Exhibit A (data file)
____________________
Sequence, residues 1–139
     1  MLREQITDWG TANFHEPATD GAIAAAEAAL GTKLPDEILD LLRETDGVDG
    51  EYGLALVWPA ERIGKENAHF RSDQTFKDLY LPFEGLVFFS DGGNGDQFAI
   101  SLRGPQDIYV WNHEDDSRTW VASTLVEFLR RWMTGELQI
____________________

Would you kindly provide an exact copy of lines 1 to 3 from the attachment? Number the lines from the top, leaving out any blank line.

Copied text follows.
Sequence, residues 1–139
     1  MLREQITDWG TANFHEPATD GAIAAAEAAL GTKLPDEILD LLRETDGVDG
    51  EYGLALVWPA ERIGKENAHF RSDQTFKDLY LPFEGLVFFS DGGNGDQFAI